The squat is often hailed as the king of resistance training.

By performing the squats, you will activate multiple muscles groups such as the quadriceps, hamstring, hips, lower back, glutes, shoulders, back, and core. The squat plays a pivotal role in muscle growth and helps to boost strength, power, and stability for the whole body.

Whether you are sprinting, skiing, or cycling, performing the squats is essential when trying to improve your athletic performance and fitness levels.

Article Talking Points

4 minute read

  • Deep Squats
  • Hip Flexibilty
  • Rectify Legs Imbalances
  • Squat Tracking
  • Strengthing Core
  • Back to Basics

If you looking to improve your squatting technique, we have compiled the top 6 ways to help you, become a better athlete, and while preventing the risk of squat related injuries.

So follow along and let’s dive right in!

1: Practice Deep Squat

Chances are, you would have seen plenty of people performing half squat in the gym, and this is a common sight for squatting.

However, if you want that much improved squatting technique, going ass to grass or squatting deep would help, It can increase the range of motion and lengthen the concentric and eccentric movement. This would not only improve your squat, but it will help to stimulate additional muscle fibers in your legs.

This is backed by studies showing a group of participants who performed deep squat had elicited an increase in muscle size and strength when compared to the other group who performed a shorter range of motion.

Deep squat is also easier on your back than poorly executed heavy half squat.

2: Enhance Hip Flexibility

The lack of hip flexibility is a frequent problem that prevents people from squatting properly and performing a full squat.

There are several small muscles involved in the hip flexion, and if the hip flexors are tight and can’t move with a full range of motion, you will face issues squatting correctly with proper form.

Here’s a test to find out if your hips are weak. If you have the tendency to fall forward when you descend to the bottom of the squat, you would need to improve your hips strength and flexibility.

These are some effective exercises to help strengthen your hips and keep the hip flexors loose:

Good mornings Kettlebell swings Hip flexor stretch Rack Pulls Yoga

You could also practice with the wall squat. It’s a simple and effective way to improve your squat.

Here’s how to do it:

Face the wall with your feet shoulder-width apart. Have your palms facing the wall and fully extend your arms above your head. Push your hips backward and perform a deep squat. Keep your chest up and spine in a neutral position. Drive through your heels and move upward back to the starting position.

3: Rectify Legs Imbalances by Performing Single-Leg Training

Having muscle imbalances in your legs might hinder your performance while squatting. These imbalances could be the difference between you hitting a PR or staying at your current level.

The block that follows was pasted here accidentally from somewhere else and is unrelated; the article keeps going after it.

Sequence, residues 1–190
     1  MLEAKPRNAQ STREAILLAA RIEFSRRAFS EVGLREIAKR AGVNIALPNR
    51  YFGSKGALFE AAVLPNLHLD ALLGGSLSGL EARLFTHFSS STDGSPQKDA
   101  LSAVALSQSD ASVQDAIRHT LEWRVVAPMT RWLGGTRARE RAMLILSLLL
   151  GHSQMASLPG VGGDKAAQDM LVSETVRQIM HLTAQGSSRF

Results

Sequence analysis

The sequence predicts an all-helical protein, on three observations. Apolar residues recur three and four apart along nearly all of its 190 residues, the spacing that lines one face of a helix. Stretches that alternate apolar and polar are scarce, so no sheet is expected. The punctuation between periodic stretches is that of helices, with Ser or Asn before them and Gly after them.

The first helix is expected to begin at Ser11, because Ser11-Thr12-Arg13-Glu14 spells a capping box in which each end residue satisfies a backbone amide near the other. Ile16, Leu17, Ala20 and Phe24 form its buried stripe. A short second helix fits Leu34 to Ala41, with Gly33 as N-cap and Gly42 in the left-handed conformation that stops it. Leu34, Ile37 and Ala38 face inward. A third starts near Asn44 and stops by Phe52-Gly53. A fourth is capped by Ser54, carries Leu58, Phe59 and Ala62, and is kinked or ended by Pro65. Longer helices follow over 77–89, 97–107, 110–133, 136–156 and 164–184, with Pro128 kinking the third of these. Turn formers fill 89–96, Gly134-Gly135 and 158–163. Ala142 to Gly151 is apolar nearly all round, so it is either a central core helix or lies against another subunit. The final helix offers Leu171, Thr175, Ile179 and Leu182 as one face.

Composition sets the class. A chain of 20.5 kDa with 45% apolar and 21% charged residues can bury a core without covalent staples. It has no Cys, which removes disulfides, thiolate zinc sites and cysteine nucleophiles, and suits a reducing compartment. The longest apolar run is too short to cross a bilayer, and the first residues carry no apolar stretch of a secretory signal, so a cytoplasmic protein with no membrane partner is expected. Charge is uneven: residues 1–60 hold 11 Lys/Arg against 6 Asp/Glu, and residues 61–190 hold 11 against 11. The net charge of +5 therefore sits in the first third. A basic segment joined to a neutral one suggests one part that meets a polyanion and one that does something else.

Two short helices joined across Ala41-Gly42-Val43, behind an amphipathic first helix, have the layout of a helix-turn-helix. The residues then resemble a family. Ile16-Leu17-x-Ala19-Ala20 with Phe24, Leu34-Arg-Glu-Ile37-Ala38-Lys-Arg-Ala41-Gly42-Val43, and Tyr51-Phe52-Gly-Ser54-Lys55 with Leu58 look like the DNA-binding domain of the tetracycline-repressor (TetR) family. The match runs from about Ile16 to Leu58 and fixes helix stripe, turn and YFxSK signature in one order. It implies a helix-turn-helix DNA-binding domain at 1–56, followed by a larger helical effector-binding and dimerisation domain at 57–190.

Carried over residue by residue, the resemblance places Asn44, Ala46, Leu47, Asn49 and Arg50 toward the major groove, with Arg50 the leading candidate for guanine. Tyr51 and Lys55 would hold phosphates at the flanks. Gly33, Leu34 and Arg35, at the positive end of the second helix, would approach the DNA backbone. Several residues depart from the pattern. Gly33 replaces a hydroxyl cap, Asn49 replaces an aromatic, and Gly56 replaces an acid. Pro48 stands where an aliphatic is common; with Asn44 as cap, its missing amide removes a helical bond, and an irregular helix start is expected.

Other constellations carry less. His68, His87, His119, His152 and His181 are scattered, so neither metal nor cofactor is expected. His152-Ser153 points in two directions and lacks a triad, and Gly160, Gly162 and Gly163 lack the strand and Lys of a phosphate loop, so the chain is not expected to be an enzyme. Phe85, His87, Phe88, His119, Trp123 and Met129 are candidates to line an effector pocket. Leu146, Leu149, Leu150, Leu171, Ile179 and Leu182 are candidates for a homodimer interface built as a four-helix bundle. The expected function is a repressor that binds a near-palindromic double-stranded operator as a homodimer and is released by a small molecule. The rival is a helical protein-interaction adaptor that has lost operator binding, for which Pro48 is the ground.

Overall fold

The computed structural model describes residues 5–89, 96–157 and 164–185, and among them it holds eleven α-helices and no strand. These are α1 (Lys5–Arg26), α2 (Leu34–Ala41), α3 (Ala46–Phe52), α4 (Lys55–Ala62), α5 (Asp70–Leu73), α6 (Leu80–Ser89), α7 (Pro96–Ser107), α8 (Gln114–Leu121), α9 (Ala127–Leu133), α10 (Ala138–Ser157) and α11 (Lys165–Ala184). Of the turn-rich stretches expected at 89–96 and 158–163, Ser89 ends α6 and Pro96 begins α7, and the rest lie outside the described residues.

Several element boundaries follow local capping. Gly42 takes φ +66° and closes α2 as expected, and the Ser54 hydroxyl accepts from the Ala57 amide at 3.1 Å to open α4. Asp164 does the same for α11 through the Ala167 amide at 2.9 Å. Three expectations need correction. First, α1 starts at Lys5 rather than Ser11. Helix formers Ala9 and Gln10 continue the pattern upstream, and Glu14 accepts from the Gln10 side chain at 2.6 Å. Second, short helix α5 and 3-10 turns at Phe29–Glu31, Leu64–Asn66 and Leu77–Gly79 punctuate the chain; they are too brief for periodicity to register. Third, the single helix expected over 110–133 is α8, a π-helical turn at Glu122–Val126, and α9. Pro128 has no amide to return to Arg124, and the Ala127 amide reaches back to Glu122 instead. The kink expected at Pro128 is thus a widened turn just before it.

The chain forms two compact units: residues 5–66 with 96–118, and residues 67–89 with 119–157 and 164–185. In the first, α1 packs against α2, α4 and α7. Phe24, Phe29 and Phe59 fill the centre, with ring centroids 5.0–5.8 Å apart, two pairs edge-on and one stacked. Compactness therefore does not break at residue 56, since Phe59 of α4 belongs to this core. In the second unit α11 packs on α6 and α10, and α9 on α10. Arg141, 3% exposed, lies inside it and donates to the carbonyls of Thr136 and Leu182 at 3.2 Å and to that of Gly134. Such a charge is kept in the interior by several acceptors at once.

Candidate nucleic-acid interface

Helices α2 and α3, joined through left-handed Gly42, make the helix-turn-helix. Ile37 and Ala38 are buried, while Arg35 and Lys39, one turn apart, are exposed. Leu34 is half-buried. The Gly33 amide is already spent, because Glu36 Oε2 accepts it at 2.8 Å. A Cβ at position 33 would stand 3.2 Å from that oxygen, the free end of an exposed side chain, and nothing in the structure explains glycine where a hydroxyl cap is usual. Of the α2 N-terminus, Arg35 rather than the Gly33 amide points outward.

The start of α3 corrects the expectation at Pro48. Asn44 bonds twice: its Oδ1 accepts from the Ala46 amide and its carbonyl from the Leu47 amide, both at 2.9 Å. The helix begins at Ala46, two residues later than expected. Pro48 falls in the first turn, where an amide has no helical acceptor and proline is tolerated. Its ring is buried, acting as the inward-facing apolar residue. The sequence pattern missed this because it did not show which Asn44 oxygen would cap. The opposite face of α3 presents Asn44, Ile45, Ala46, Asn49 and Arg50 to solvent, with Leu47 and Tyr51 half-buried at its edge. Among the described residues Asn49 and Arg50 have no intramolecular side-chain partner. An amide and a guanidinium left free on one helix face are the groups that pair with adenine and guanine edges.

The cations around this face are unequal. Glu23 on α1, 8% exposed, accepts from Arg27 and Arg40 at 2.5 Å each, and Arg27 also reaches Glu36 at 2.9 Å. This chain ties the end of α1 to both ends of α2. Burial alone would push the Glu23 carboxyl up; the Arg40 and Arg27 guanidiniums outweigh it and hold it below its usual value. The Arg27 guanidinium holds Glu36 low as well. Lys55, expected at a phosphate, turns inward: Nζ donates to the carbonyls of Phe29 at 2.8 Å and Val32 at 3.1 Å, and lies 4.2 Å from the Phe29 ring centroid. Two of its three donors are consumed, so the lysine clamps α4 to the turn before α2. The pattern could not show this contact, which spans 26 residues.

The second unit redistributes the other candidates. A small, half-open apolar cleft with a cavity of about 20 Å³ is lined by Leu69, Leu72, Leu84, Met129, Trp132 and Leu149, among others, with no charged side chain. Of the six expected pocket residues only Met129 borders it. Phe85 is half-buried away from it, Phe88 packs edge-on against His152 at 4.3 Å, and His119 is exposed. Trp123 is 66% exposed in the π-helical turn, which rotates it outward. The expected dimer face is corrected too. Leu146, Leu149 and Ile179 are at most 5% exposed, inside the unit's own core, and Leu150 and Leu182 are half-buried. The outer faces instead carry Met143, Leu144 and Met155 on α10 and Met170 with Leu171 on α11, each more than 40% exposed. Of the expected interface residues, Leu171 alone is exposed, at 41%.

The good news is, you can rectify the imbalances by performing single-leg training after your squats. Some of our recommended exercises include single-leg press, dumbbell lunges, and Bulgarian split squat.

Perform 8 to 12 reps for each side and go for 3-4 sets.

4: Record Your Squat

This is probably the quickest way to improve your squatting technique. Ask your friend or training partner to record you squatting.

You will be surprised to see how much you can actually improve just by doing this. You could notice common errors such as bar positions on your back is not right, or legs position being out of place.

Refine what you need to be doing, implement the changes and record again to see if you have performed the squat with proper form.

5: Strengthen Your Core

If your core is weak, you are more likely to fall forward when you squat (much like weak hips). A strong core gives you the flexibility and stability to keep your torso straight while squatting. Besides improving squatting technique, a strong core also helps in preventing back and spine injuries.

Before you begin a squat, take a deep breath, tighten your core, and you will observe a greater range of motion. After you complete one rep, repeat the same process throughout the set and keep your core tight. By doing this, you will also notice major improvements in your ability to squat heavier weights.Some effective direct abdominal exercises to develop the core includes the weighted sit-ups, plank, Russian twist, hip raise, and bicycle crunch.

6: Back to Basics

While the other 5 points above would help to improve your squatting technique, it’s crucial to get the basics right first.

If your technique is poor, no strong core or hip strength can help your squat. The 4 key things to always keep in mind is keep your chest up, avoid rounding your back, hips push back when descending, and toes face slight outward.

Avoid the beginner mistake squatting straight down without first pushing your hips back when descending. This will prevent you from falling forward when the weight on the bar gets heavier.


The squat is one of the toughest and most challenging exercises to perform. However, if performed correctly, the squat can rapidly improve your legs strength, strengthen your core and build solid leg muscles.

Here’s a recap of the top 6 ways to improve your squatting technique:

Practice Deep Squat Enhance Hip Flexibility Rectify Legs Imbalances Record Your Squat Strengthen Your Core Back to Basics

Try out these 6 tips above for your next leg day training session and you will observe significant improvements in your squatting technique over the coming few weeks

Over to You!

Let us know in the comments below your thoughts on the 6 ways to improve your squatting technique.

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